The name of Kelly is derived from the Celtic word, meaning a clearing in a wood. Around 1100CE, the name Martin de Kelly is connected with this site. By the reign of Henry II, some fifty years later, Nicholas de Kelly held a manor here, and was one of eleven Devonshire families responsible for raising fighting men for the king in return for their landholding. The family has lived here ever since, and the buildings you can now see reflect the way in which their lives have been part of this remote yet lovely area of Devon.
Sir William de Kelly began to build the church next to the house in 1252. Many family members are buried there, and the family has remained closely connected with it ever since. When the Reverend Maitland Kelly inherited the estate in 1900, He acted as “Squarson” ( squire and parson) for a time before appointing a new Rector.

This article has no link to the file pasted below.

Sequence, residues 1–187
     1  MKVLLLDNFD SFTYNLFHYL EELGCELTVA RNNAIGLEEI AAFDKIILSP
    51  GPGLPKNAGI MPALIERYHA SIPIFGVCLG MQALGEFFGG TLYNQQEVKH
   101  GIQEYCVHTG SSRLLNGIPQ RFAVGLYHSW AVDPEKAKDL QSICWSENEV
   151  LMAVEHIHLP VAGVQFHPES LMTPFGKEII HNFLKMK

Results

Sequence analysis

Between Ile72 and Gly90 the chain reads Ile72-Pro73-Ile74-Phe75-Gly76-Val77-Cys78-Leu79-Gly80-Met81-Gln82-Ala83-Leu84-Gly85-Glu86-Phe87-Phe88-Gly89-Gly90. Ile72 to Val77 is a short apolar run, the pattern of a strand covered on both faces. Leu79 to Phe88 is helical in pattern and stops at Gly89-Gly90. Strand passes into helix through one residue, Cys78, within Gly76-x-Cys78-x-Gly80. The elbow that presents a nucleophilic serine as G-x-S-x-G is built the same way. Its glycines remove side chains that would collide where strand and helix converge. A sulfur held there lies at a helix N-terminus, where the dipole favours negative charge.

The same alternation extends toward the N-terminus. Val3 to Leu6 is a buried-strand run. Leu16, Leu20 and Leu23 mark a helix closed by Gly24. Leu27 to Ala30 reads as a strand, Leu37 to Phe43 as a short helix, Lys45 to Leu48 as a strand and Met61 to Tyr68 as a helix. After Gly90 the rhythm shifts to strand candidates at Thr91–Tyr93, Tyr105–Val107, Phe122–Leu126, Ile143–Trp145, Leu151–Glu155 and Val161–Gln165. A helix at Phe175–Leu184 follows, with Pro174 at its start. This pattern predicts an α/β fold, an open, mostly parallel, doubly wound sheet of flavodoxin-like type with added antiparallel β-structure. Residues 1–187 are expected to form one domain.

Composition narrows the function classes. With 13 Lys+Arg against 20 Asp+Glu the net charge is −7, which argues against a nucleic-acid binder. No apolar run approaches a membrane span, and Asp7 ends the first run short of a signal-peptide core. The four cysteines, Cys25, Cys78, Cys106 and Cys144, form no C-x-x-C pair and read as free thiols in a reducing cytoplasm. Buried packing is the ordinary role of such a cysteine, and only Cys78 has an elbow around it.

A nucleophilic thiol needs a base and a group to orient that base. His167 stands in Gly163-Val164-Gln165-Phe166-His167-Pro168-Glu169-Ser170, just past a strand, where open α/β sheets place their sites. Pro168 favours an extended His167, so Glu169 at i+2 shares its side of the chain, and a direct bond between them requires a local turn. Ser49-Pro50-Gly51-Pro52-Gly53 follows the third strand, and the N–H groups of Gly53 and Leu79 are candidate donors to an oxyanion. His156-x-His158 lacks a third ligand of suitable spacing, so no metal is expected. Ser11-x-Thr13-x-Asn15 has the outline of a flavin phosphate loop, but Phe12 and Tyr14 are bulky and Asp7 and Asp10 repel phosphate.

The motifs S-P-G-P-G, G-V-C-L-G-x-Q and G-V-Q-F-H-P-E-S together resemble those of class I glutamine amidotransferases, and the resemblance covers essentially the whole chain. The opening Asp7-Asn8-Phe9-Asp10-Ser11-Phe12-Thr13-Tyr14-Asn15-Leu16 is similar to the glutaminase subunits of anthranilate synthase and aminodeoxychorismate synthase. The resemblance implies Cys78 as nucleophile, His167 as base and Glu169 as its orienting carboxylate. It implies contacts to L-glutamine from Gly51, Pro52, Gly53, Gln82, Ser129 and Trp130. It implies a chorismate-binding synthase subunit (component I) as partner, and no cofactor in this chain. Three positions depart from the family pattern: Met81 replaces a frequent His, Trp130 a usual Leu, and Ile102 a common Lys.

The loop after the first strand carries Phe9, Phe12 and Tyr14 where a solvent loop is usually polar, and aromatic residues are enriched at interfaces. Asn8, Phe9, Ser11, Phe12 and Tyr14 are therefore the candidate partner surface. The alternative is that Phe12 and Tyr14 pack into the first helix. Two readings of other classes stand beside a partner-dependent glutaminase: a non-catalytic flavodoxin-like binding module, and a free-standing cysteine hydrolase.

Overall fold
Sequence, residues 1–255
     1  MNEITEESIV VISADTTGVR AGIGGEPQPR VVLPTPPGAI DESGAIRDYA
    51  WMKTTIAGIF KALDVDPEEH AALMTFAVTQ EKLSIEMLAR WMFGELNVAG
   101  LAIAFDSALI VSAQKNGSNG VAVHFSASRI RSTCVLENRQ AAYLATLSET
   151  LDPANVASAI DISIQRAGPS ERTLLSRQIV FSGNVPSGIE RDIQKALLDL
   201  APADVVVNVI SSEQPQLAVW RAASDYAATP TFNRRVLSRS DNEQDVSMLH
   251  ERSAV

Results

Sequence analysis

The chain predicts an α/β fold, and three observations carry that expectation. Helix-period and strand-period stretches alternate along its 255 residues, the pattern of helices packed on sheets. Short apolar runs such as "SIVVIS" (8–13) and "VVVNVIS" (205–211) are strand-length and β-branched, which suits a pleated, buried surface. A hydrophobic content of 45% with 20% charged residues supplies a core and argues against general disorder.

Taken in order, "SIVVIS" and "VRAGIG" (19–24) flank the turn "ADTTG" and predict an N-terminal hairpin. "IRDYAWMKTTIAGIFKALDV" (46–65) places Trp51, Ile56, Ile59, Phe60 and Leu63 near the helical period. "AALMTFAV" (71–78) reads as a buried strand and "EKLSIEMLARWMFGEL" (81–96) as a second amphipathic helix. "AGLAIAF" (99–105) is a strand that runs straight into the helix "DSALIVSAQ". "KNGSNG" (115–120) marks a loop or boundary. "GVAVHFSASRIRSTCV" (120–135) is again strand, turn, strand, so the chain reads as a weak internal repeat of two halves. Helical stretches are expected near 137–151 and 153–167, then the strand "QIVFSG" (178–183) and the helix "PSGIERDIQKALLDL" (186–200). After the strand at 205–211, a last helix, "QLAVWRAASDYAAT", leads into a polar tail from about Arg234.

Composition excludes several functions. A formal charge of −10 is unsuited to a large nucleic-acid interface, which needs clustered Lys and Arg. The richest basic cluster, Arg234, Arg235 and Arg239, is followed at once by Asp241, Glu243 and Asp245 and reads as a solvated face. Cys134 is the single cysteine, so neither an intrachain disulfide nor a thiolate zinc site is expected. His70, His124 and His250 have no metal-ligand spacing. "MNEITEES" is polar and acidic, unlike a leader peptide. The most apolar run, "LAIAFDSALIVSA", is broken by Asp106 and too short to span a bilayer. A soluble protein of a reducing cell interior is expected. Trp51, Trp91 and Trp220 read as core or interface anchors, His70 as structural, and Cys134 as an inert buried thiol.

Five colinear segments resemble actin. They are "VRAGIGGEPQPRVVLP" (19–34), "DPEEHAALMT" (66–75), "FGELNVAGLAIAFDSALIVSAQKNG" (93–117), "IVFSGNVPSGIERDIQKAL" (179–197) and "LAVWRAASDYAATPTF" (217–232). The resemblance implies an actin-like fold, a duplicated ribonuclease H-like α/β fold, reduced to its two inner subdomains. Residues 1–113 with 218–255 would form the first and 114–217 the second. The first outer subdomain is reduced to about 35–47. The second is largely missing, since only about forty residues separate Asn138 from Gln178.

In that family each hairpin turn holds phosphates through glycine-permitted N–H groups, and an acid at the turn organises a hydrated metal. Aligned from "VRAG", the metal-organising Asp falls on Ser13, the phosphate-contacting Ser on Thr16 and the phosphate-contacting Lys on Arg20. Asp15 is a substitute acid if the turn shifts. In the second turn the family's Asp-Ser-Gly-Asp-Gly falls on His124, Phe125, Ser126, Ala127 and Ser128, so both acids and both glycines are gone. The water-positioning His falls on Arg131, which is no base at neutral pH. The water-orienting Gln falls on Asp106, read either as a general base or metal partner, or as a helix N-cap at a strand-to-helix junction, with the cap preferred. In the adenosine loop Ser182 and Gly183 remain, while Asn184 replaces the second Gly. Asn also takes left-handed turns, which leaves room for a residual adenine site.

By 1742, Arthur Kelly of Kelly was prosperous enough to replace part of the old pre-Tudor house by the elegant early Georgian building with its graceful staircase which you can see today.Through the nineteenth century, the family continued to live the lives of prosperous country squires, devoted to their estate and with a close relationship to the people who lived in the hamlet and farms on it. Even the existing lockup demonstrates the traditional gentry role of maintaining local law and order as Justices of the Peace.
However the twentieth century brought the problems faced by so many smaller country houses: much of the estate had to be sold to raise funds to settle death duties at varied times. and maintenance has become a constant drain on resources. The family is determined now, in the twenty first century, to find new and imaginative ways of facing this challenge and continuing to serve the local community.
We have small booklets detailing the history of the house and the Kelly family for sale at our events and tours.